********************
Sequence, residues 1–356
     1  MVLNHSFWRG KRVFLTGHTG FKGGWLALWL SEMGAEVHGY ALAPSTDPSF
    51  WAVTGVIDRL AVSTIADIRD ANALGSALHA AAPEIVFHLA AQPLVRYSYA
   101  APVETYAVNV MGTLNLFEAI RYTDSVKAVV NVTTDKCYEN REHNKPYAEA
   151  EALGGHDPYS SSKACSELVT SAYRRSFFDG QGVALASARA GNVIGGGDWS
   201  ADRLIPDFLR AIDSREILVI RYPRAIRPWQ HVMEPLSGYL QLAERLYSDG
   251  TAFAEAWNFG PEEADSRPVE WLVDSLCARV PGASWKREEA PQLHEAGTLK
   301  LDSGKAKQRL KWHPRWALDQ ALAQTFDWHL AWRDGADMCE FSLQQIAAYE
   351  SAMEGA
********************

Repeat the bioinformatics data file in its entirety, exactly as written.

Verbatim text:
Sequence, residues 1–356
     1  MVLNHSFWRG KRVFLTGHTG FKGGWLALWL SEMGAEVHGY ALAPSTDPSF
    51  WAVTGVIDRL AVSTIADIRD ANALGSALHA AAPEIVFHLA AQPLVRYSYA
   101  APVETYAVNV MGTLNLFEAI RYTDSVKAVV NVTTDKCYEN REHNKPYAEA
   151  EALGGHDPYS SSKACSELVT SAYRRSFFDG QGVALASARA GNVIGGGDWS
   201  ADRLIPDFLR AIDSREILVI RYPRAIRPWQ HVMEPLSGYL QLAERLYSDG
   251  TAFAEAWNFG PEEADSRPVE WLVDSLCARV PGASWKREEA PQLHEAGTLK
   301  LDSGKAKQRL KWHPRWALDQ ALAQTFDWHL AWRDGADMCE FSLQQIAAYE
   351  SAMEGA